The S-topic is very similar to Focus in a way that they both induce alternatives. These alternatives though, do not have any impact on the Focus value, instead, it is a set containing different Focus values (Topic Value), i.e. a set of sets of propositions. Regardless of whether DP-fronting functions as topic or focus, or even both, the fact that both topic and focus invoke alternatives could potentially explain why sentences with preposed DPs would become more acceptable when such an alternative is already present in the preceding context.

The goal of the current study is not to determine whether the fronted DP is topic or focus nor is it to choose one freezing account over another one, rather it proposes a previously not considered factor that contributes to the freezing effect. Pragmatic factors do not rule out a processing or structural explanation of freezing. In fact, the freezing effect is most likely the result of various factors. Crucially though, it will be shown that pragmatic factors play an important role in explaining the freezing effect.

All stimuli in this study consist of so called D(iscourse)-linked wh-words. These are wh-words like which… as opposed to non D-linked wh-words like what or who. One known observation about D-linked wh-words is their insensitivity to syntactic islands, compare for instance the Examples in (21) below.

 (21) (Boeckx & Grohmann 2004: 5) a. *Whoi did John wonder whether Mary loved ti? b. ?[Which man]i did John wonder whether Mary loved ti?

The operation moving the D-linked wh-word which man out of the embedded clause and across an island boundary does not need to be subject to the same locality conditions as regular A’-movement. It is beyond the scope of this paper to go into more detail on how to formalize this distinction.

In addition, as the name already suggests, these D-linked elements are somehow associated with the discourse. A wh-question like in (22b) needs some discourse referent and cannot be used out of the blue, like the question in (22a). This discourse linkage seems to be somewhat similar to the way a topic is said to associate with a discourse. Similarly then the expectation is that when an appropriate discourse is provided, sentences containing a D-linked wh-word would improve compared to when no such discourse is provided.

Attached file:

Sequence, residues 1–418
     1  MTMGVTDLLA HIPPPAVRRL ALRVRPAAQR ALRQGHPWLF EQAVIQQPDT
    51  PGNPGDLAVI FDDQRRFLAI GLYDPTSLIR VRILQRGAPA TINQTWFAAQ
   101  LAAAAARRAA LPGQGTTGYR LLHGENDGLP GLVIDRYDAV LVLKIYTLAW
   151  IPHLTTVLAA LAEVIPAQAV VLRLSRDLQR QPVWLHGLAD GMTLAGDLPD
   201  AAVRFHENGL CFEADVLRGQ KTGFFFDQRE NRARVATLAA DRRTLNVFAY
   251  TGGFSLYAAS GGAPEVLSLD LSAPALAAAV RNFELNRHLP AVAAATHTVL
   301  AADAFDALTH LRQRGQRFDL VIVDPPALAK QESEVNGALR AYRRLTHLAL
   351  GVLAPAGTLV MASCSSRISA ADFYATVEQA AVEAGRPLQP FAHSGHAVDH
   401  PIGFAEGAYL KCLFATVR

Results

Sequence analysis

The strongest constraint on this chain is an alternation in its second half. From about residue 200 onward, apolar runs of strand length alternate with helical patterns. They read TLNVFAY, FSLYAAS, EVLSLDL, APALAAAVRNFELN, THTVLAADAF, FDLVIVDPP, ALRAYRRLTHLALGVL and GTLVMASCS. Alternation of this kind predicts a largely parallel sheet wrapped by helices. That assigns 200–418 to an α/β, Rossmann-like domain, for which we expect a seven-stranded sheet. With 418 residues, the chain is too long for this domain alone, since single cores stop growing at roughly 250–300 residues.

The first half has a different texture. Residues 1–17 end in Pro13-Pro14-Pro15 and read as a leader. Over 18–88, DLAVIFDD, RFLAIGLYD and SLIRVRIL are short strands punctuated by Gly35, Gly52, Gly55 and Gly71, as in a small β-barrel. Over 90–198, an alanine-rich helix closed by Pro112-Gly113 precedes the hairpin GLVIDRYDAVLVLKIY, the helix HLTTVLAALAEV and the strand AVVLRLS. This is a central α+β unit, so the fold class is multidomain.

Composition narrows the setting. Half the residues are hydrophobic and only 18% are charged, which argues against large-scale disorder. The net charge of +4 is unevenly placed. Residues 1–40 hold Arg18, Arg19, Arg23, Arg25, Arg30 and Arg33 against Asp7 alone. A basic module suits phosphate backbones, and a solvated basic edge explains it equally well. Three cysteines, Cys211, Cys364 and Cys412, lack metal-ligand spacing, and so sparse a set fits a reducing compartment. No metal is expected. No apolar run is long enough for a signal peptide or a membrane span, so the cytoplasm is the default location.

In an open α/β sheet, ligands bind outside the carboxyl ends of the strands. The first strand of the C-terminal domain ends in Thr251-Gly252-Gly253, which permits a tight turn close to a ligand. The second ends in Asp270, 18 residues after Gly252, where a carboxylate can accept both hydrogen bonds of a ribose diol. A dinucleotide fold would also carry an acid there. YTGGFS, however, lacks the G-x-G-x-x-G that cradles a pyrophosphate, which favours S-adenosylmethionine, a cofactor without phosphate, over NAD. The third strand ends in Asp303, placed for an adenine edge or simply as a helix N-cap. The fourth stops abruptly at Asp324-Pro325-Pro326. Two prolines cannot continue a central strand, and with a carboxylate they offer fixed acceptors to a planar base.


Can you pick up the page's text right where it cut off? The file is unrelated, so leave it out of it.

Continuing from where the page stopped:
(22) (Boeckx & Grohmann 2004: 4) John bought something expensive yesterday. a. What did he buy? b. #Which car did he buy?

## 2 Expectations

In this section I will recapitulate what has been discussed in the previous literature, highlight what is of interest for the current study and make predictions about the expected results.

As becomes clear from the previous literature, sentences involving wh-extraction from a moved constituent, i.e. frozen sentences, are less acceptable than sentences involving either wh-extraction or movement. In addition, there is evidence that the individual lowering effects of extraction and movement can be added up to account for the freezing effect. In terms of statistics that would mean that a significant main effect of wh-extraction and DP-fronting is to be expected, but no interaction effect.4 This claim has been supported by Hofmeister et al. (2015) who tested for extraposed PPs and by Konietzko et al. (2018) who examined the heavy NP shift. The current research looks into sentences involving DP-fronting, a similar additive effect is expected to be found: That means that a significant main effect of wh-extraction and DP-fronting is expected, but no interaction effect. As already made clear earlier, finding an additive effect still says little about which factors contribute to the freezing effect and in fact additivity can be explained by different accounts.